Don't Plunge Into VOIP

But at my back, I always hear Time's winged chariot hurrying near; And yonder all before us lie Deserts of vast eternity.

—"To His Coy Mistress," by Andrew Marvell, 1681

I always loved that verse, partly for its metaphysical beauty, but more for the misuses to which it's put.

Can it be seen as a poignant admonition to not waste a moment of your short life and to, instead, leap at every new opportunity that life offers you, as the writers of high-tech ad copy would have you think?

Well, yeah, kind of. But it was written as a seduction poem, one of a whole class of verse ostensibly created to persuade 17th century lasses to say "yes" to more things than would really be wise.

In the IT world, that same argument—buy now or the pace of change will leave you behind—is applied to whatever technology is hot at the moment.

Voice over IP (VOIP), for example, has been something of a perennial suitor whose fussy nature has pushed it back into the pack of technologies vying for the CIO's attention, despite its potential. The quality of service it delivers has been improving, however, and new VOIP router packages from Cisco and others are making VOIP nearly practical enough to fall for.

It has its attractions, after all, though they're largely unproven. If you can replace your old PBXs with newer equipment that will make your old network do double duty as a voice carrier, you not only cut the volume and cost of your phone traffic, but you also eliminate the need to support both voice and data networks, while adding functions like unified messaging and Web-based call centers.

Evolution, Not Revolution

Gartner Inc. expects most companies to begin a migration to IP-based telephony between 2003 and 2005, but it loudly warns that VOIP "remains an emerging, evolving technology, and the transition to it will come gradually, despite attempts by Cisco and others to talk up the market."

VOIP still lacks important features like security measures that can ensure that your IP calls aren't being intercepted as well as simpler functions, such as the ability to look someone up and initiate an IP-based call.

Enum, a protocol finalized by the Internet Engineering Task Force more than a year ago, is an attempt to solve that problem by offering a standard way to build directories that list IP telephony and e-mail addresses plus fax and cell phone numbers within IP-based networks. Another developing specification, Session Initiation Protocol, is designed as a standard way to signal the start of a VOIP phone call or chat session.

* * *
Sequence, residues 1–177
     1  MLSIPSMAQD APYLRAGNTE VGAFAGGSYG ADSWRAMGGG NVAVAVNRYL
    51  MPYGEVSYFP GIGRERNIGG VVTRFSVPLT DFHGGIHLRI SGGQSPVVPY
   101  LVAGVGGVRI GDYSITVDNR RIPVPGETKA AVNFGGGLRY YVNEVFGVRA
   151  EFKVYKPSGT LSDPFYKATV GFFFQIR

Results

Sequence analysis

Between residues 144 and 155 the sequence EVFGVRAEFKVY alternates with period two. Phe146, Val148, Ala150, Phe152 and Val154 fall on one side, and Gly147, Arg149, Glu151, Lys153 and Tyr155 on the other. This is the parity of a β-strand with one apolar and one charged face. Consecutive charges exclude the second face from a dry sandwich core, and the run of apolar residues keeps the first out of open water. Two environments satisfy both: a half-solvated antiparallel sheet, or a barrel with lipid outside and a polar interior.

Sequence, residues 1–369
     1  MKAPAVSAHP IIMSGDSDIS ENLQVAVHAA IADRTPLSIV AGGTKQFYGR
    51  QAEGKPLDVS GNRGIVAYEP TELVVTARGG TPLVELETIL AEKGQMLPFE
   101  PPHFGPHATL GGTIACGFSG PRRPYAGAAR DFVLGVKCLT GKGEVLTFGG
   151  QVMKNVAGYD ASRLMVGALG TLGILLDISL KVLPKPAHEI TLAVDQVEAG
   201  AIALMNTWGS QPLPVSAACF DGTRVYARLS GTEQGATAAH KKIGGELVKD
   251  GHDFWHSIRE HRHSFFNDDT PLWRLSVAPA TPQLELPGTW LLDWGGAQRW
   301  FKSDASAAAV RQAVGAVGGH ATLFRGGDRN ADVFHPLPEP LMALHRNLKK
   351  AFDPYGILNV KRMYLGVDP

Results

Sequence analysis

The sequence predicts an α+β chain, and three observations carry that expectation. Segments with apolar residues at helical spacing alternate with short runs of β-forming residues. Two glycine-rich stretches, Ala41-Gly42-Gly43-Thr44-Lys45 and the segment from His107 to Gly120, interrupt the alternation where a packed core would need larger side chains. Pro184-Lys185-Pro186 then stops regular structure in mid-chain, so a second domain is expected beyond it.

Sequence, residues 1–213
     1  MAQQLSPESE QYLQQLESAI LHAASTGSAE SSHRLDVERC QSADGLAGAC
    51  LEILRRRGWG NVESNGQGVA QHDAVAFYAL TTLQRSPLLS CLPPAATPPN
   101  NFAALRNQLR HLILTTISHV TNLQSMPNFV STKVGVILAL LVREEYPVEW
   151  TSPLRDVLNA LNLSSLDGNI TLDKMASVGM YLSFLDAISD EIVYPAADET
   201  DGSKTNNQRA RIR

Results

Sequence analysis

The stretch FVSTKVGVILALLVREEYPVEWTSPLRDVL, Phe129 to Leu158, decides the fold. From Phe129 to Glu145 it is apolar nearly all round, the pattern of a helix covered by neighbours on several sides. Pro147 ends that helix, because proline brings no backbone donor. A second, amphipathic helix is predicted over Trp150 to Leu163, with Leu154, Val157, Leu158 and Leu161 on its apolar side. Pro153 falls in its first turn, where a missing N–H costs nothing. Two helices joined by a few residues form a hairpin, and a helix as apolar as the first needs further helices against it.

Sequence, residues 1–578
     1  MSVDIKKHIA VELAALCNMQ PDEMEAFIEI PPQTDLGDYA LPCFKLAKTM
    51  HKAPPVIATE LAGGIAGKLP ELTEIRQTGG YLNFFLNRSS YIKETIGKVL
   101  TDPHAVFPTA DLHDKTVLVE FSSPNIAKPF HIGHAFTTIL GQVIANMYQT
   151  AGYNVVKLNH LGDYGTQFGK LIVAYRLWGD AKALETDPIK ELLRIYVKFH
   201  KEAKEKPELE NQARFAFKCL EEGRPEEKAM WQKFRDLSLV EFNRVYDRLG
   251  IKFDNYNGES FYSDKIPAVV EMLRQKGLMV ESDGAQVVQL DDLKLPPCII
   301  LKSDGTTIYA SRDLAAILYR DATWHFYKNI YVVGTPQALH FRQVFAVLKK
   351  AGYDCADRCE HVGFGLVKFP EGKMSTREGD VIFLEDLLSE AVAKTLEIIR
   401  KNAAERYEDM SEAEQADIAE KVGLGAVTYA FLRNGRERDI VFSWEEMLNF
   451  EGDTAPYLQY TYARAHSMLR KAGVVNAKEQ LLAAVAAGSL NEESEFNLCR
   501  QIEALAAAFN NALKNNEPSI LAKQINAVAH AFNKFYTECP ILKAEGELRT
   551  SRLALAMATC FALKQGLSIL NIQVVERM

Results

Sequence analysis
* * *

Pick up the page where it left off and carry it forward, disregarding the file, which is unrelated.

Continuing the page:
Without systems like those and directories that use them, it can be difficult to identify whether a call has to be routed through a traditional PBX, a VOIP gateway or over the network to a phone your router knows is connected by VOIP.

In addition to the technical limitations of VOIP, the way in which vendors sell it is nonstandard enough that users who don't go through a rigorous (read: slow) competitive analysis and request-for-proposal process risk paying 25% to 60% more for VOIP systems than they should, Gartner warns.

Still, a migration to voice over IP makes sense.

But only when you, and your network, are ready to deal with the new problems that will, inevitably, pop up. Among other things, if you already get enough complaints about the reliability of your data network (justified or not), why up the ante by putting voice traffic on the same backbone?

Better to focus on the basics and make sure the network itself is stable by upping your bandwidth and stability using optical Ethernet or other solid networking technology that may be less sexy than VOIP, but infinitely less flighty as well.

There is, after all, a limit to how far you should twist the purpose for which anything was designed, without redesigning it first.

KEVIN FOGARTY is a former editor at Computerworld. Contact him at


Outsourcing Remedy

PacifiCare's IT outsourcing plan includes the following elements:


Base: Survey of 400 U.S. wide-area network managers, asked which technology dominates in their WAN

Source: IDC, Framingham, Mass., March 2001


Voice/Data Integration

Asked about their plans 12 months out, many companies say they have no intention of integrating voice and data wide-area network traffic.


Source: IDC, Framingham, Mass., November 2001


The Nightmares

152 IT managers identified the following items as their worst nightmares about network equipment:

Human error
Security breaches
Server failure
Power outages
Poor service from outside providers
Natural disasters or other catastrophes
Staffing problems
Inability to anticipate, avoid or respond to network downtime
Adverse effects of downtime on company operations

Source: NetBotz Inc., Austin, Texas, May 2001

Copyright © 2002 IDG Communications, Inc.

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